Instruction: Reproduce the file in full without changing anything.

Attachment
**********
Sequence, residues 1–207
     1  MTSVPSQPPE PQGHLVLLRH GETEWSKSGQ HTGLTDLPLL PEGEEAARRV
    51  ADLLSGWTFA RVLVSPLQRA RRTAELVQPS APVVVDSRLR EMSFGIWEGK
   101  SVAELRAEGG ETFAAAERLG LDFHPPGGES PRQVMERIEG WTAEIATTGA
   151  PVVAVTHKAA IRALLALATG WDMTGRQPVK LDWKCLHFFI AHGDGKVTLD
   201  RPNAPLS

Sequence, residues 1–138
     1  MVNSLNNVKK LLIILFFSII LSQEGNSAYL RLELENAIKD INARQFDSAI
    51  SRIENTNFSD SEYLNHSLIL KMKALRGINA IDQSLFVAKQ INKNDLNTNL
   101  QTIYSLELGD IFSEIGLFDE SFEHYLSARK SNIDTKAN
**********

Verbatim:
Sequence, residues 1–207
     1  MTSVPSQPPE PQGHLVLLRH GETEWSKSGQ HTGLTDLPLL PEGEEAARRV
    51  ADLLSGWTFA RVLVSPLQRA RRTAELVQPS APVVVDSRLR EMSFGIWEGK
   101  SVAELRAEGG ETFAAAERLG LDFHPPGGES PRQVMERIEG WTAEIATTGA
   151  PVVAVTHKAA IRALLALATG WDMTGRQPVK LDWKCLHFFI AHGDGKVTLD
   201  RPNAPLS

Sequence, residues 1–138
     1  MVNSLNNVKK LLIILFFSII LSQEGNSAYL RLELENAIKD INARQFDSAI
    51  SRIENTNFSD SEYLNHSLIL KMKALRGINA IDQSLFVAKQ INKNDLNTNL
   101  QTIYSLELGD IFSEIGLFDE SFEHYLSARK SNIDTKAN